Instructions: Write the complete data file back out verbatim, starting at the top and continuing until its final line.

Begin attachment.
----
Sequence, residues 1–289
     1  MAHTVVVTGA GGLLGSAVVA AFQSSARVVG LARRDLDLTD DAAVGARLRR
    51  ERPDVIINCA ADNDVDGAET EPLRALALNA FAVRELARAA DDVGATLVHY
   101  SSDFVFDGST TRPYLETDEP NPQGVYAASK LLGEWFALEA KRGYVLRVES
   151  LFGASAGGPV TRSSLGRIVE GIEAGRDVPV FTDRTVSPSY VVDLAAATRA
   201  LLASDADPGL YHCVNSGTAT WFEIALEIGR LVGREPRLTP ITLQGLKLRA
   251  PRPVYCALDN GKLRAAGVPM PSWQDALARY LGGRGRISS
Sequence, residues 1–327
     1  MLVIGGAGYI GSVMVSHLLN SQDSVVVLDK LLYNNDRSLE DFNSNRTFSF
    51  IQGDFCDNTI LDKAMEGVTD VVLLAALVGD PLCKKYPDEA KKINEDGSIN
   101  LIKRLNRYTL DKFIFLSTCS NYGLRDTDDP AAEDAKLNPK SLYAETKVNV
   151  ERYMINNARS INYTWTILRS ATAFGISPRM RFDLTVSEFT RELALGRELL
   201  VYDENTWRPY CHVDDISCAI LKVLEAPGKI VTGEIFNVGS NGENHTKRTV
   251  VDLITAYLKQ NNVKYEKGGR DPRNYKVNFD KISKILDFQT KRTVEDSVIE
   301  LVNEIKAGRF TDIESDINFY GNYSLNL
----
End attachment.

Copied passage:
Sequence, residues 1–289
     1  MAHTVVVTGA GGLLGSAVVA AFQSSARVVG LARRDLDLTD DAAVGARLRR
    51  ERPDVIINCA ADNDVDGAET EPLRALALNA FAVRELARAA DDVGATLVHY
   101  SSDFVFDGST TRPYLETDEP NPQGVYAASK LLGEWFALEA KRGYVLRVES
   151  LFGASAGGPV TRSSLGRIVE GIEAGRDVPV FTDRTVSPSY VVDLAAATRA
   201  LLASDADPGL YHCVNSGTAT WFEIALEIGR LVGREPRLTP ITLQGLKLRA
   251  PRPVYCALDN GKLRAAGVPM PSWQDALARY LGGRGRISS
Sequence, residues 1–327
     1  MLVIGGAGYI GSVMVSHLLN SQDSVVVLDK LLYNNDRSLE DFNSNRTFSF
    51  IQGDFCDNTI LDKAMEGVTD VVLLAALVGD PLCKKYPDEA KKINEDGSIN
   101  LIKRLNRYTL DKFIFLSTCS NYGLRDTDDP AAEDAKLNPK SLYAETKVNV
   151  ERYMINNARS INYTWTILRS ATAFGISPRM RFDLTVSEFT RELALGRELL
   201  VYDENTWRPY CHVDDISCAI LKVLEAPGKI VTGEIFNVGS NGENHTKRTV
   251  VDLITAYLKQ NNVKYEKGGR DPRNYKVNFD KISKILDFQT KRTVEDSVIE
   301  LVNEIKAGRF TDIESDINFY GNYSLNL